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On January 20, a federal appeals court heard arguments in the highly publicized case of Kimberly Jean “Kim” Davis, county clerk of Rowan County (population 23,000) in mountainous northeastern Kentucky. There were many legal issues at stake—discrimination, sexual equality, religious liberty—but the whole affair had another component, rarely noted in popular accounts: Society’s winners, those who believe themselves on the right side of progress and have the success to prove it, think little of humiliating and attempting to ruin those who are less fortunate and cling to old beliefs.

Davis, age fifty, served five days in jail in September 2015 over her refusal on grounds of her Christian conscience to issue marriage licenses to same-sex couples in the wake of the U.S. Supreme Court’s decision in Obergefell v. Hodges. That decision, released on June 26, 2015, found a fundamental right to marry that the high court’s five-justice majority said extended to same-sex as well as opposite-sex couples under the Constitution’s due process and equal protection clauses.

On the very morning of the Obergefell ruling, Steve Beshear, a Democrat who was then the governor of Kentucky, ordered county clerks in all 120 Kentucky counties to begin issuing marriage licenses to same-sex couples immediately. His office generated a mandatory gender-neutral form for them to use that included the personal signatures of clerks on any licenses they issued. Because the Kentucky Constitution had been amended in 2004 to define marriage as solely between a man and a woman, there seemed to be some pent-up marriage demand among Kentucky gays and lesbians, several of whom rushed to county offices in Kentucky within hours of the Obergefell decision, on the theory that the Supreme Court had nullified the state constitutional amendment.

Davis, who had converted in 2011 to a small Evangelical Christian denomination that holds that same-sex marriage transgresses biblical teaching, sent a letter to Beshear expressing her concern over his order and requesting an executive order exempting her and other Kentucky clerks whose consciences would be violated if they were forced to put their names onto documents recognizing unions that went against their religious beliefs. Meanwhile, she instructed her six deputies, working out of her offices in Morehead, Kentucky, the Rowan County seat, to deny marriage licenses, at first to gay and lesbian couples, and later, to any couples at all. Davis’s office was an elective one (she had run for the clerkship in 2014, suc­ceeding her mother), and she could not be fired from her clerkship, only impeached.

On July 1 the American Civil Liberties Union of Kentucky, representing four couples—a pair of lesbians (fifty-four-year-old named plaintiff April Miller and her longtime partner, Karen Ann Roberts), a pair of gay men, and two opposite-sex pairs—who had been turned down for licenses in Morehead, filed a class-action lawsuit against Davis and Rowan County in the U.S. District Court for Eastern Kentucky. The suit sought an injunction that would require Davis to issue marriage licenses to all otherwise qualified couples. On August 12, after hearings on July 13 and July 20 in Miller v. Davis, U.S. District Judge David L. Bunning duly issued the preliminary injunction, rejecting Davis’s claim of infringement of her religious liberty under the U.S. and Kentucky constitutions. Her lawyers, affiliated with Liberty Counsel, a nonprofit Evangelical Christian legal office based in Orlando, Florida, sought stays that would have put the injunction on hold pending an appeal, first from ­Bunning himself, then from the Sixth U.S. Circuit Court of Appeals (which has jurisdiction over federal courts in Kentucky), and finally from the U.S. Supreme Court. All those attempts were unsuccessful.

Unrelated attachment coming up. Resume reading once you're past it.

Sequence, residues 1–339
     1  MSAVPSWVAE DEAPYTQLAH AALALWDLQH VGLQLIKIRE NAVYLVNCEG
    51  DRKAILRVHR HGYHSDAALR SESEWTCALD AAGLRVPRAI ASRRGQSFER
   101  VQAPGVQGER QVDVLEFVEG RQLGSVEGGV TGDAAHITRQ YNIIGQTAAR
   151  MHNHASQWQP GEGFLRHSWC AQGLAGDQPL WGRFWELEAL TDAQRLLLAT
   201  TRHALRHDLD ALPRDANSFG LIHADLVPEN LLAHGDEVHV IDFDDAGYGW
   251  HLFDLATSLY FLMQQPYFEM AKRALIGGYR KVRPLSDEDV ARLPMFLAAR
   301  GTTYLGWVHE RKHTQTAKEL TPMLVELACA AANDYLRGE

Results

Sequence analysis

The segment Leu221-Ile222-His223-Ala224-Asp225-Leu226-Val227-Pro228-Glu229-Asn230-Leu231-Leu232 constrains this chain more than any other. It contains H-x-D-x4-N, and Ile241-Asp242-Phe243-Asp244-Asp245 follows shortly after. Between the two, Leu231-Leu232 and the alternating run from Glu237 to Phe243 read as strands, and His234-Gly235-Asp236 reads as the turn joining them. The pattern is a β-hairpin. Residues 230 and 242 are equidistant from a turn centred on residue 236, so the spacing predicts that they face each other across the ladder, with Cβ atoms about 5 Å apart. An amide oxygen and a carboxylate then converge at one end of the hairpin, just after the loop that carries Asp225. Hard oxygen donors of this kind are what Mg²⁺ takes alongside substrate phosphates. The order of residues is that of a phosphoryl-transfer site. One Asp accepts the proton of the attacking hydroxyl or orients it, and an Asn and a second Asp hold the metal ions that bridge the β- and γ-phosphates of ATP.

Bunning did, however, grant Davis a temporary stay that permitted her to continue to turn away couples through August 31, the day the Supreme Court denied her request for a longer stay. That was a Monday. Promptly the next morning, several couples showed up at Davis’s office seeking marriage licenses. Announcing that she was acting under “God’s authority,” Davis had her deputies turn them down. Two days later, on September 3, Bunning held ­Davis in contempt of court at the request of the ACLU and ordered her jailed. During five days behind bars, several of her deputy clerks resumed issuing licenses, including licenses to same-sex couples, although without Davis’s signature. On September 8, Bunning ordered her to be released, on condition that she not interfere with those marriage-license activities of her deputies. Davis emerged triumphantly from the detention center where she had been incarcerated flanked by Mat Staver, founder of Liberty Counsel, and Mike Huckabee, former governor of Arkansas and then a Republican presidential candidate. To a crowd of cheering Evangelical Christian supporters, Davis expressed her belief that the marriage licenses issued without her signature would be “unauthorized.” (Beshear’s office and the office of the Kentucky attorney general promptly issued statements affirming the validity of the signature-less licenses.)